LSU, Tulane OK revised New Orleans hospital plan

LSU, Tulane OK revised New Orleans hospital plan
Aug. 28, 2009
The Business Insider

BATON ROUGE, La. (AP) — With some outside help, officials at LSU and Tulane University have reached a compromise over governing a new $1.2 billion public teaching hospital for New Orleans, a deal that paves the way for land acquisition to resume.

The revamped governing plan won unanimous approval Thursday from the LSU Board of Supervisors and the Tulane Board of Trustees, finalizing the agreement.

"I think everybody's ready to move past this drawn-out discussion of this," said Fred Cerise, LSU vice chancellor for health affairs and medical education, after the LSU board vote.

At issue had been how much clout LSU would have on the governing board of the hospital it will help finance — and the Jindal administration suspended land purchases and expropriations for the hospital until the dispute could be resolved.

The new plan gives LSU four appointees on an 11-member board to govern the private, nonprofit corporation affiliated with LSU that will run the hospital.

Tulane University and Xavier University, which have medical students that will train at the hospital, each will get one slot on the board. Another position will rotate among three other New Orleans universities: Delgado, Dillard and Southern. The remaining four appointments won't be affiliated with the schools.

Tulane President Scott Cowen said the agreement ensures the new hospital will be governed with "the appropriate controls and safeguards, including independent oversight."

"It is now time to fund, build and operate a world-class university medical center that will be a source of pride and accomplishment while also increasing the number of health care providers for our community and state," Cowen said in a statement.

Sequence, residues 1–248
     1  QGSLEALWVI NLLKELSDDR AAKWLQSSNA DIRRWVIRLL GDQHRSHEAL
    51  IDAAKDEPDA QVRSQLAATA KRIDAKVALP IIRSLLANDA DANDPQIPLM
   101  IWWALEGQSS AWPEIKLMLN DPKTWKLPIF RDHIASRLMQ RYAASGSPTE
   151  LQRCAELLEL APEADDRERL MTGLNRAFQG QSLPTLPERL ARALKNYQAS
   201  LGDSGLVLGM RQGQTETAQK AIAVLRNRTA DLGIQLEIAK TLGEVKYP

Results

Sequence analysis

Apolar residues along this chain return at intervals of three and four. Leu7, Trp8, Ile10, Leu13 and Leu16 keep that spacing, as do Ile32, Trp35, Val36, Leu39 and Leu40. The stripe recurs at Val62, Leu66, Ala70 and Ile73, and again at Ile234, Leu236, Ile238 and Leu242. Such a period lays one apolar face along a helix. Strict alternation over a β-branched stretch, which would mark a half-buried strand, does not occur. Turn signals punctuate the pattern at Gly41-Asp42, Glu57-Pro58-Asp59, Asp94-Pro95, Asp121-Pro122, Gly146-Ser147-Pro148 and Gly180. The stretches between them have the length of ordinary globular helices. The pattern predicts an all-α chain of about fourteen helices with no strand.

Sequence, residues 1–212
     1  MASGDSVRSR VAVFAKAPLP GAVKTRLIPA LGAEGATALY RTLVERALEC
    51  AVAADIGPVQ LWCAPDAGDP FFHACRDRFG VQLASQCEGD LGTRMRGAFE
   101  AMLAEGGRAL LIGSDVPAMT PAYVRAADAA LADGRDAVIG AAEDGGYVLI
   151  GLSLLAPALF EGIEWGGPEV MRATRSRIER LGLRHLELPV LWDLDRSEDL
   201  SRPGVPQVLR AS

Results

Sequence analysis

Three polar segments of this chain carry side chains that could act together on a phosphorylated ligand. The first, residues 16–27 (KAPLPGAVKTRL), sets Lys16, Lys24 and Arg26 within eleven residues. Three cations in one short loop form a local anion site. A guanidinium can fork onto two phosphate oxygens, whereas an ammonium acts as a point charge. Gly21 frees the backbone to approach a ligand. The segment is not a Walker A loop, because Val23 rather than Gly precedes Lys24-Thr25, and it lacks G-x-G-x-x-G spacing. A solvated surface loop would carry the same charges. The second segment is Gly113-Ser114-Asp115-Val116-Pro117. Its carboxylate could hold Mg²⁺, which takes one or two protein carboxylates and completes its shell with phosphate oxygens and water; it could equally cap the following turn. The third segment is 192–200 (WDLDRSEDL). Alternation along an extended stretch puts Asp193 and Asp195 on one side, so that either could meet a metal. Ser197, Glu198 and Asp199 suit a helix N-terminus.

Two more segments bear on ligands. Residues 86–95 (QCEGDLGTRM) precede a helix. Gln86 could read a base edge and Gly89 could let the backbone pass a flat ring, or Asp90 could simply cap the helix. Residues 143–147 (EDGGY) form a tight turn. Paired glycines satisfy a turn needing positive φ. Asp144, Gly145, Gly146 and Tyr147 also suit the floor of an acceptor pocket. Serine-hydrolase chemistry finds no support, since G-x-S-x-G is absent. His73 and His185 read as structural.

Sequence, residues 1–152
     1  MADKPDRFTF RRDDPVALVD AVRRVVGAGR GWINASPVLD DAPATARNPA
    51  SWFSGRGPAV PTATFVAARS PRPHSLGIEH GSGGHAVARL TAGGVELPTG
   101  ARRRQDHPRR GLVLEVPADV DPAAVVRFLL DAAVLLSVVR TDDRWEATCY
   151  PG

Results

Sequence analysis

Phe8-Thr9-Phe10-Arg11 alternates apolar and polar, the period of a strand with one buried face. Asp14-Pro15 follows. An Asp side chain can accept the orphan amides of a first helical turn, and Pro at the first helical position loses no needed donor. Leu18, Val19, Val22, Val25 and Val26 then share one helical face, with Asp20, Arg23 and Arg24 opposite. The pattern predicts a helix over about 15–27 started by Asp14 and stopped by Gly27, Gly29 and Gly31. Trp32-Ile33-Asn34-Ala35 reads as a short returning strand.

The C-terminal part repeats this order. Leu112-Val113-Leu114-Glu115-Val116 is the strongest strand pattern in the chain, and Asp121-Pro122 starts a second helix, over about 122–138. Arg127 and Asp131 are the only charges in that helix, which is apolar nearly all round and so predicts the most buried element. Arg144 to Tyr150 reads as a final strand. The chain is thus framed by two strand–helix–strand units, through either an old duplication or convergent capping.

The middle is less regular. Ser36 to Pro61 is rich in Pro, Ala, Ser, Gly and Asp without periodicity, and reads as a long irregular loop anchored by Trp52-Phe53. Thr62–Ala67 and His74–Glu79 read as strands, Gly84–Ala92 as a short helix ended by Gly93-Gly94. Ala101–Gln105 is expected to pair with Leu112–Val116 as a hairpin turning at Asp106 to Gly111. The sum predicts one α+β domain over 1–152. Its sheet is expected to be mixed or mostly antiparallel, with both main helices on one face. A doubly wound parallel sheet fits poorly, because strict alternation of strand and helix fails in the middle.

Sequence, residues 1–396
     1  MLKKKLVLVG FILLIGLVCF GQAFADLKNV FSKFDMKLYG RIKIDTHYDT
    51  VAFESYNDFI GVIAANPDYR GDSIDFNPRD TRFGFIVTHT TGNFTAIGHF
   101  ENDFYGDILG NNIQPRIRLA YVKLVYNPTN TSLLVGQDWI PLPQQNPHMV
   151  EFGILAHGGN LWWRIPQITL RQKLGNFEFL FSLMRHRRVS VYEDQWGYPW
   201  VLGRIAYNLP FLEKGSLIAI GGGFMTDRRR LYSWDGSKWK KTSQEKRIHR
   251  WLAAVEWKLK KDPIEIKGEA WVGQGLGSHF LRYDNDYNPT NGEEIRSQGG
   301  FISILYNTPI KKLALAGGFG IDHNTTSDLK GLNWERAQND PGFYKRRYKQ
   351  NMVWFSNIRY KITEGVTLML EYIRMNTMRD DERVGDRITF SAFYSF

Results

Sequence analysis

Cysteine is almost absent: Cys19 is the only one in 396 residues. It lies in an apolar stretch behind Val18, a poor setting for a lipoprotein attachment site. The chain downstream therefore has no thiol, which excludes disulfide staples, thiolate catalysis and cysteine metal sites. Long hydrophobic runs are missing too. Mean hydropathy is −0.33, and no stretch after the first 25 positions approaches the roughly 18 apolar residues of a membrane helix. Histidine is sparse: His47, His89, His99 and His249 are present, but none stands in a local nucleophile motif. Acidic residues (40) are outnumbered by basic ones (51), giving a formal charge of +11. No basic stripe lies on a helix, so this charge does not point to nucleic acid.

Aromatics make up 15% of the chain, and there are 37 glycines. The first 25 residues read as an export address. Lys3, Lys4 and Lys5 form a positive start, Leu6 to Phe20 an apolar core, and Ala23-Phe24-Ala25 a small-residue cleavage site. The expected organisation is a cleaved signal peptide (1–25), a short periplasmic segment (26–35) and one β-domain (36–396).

The compromise was negotiated by Gov. Bobby Jindal's office.

"It took a lot of work to get to this point, but I think it's a very important step forward," Jindal said in an interview.

Cerise said the suspension of land acquisition was a driving force behind a deal being reached, but he said the timeline of the hospital construction hadn't been disrupted. A Jindal spokesman said land acquisition would restart now that a governing deal had been reached.

The LSU-run Charity Hospital — which provided indigent care for the New Orleans area and was a main training hospital for medical students — was flooded and shuttered by Hurricane Katrina in 2005. The university opened a temporary replacement, called the Interim LSU Public Hospital, while pushing plans to build the new 424-bed teaching and research hospital.

The new governing board plan "was absolutely critical to making sure that we didn't just simply rebuild what was there before the storms," Jindal said.

A financing plan for the new hospital, projected to open by 2013, still hasn't been worked out. The state has set aside $300 million for the facility but continues to haggle with FEMA over reimbursement for the damage to Charity Hospital. The state says it is owed $492 million, while FEMA has offered $150 million.

LSU proposes to borrow the remaining $400 million by selling bonds that LSU officials said would be paid off with the hospital's income from paying patients, though some critics question whether the hospital will generate enough money to cover the bond repayment.
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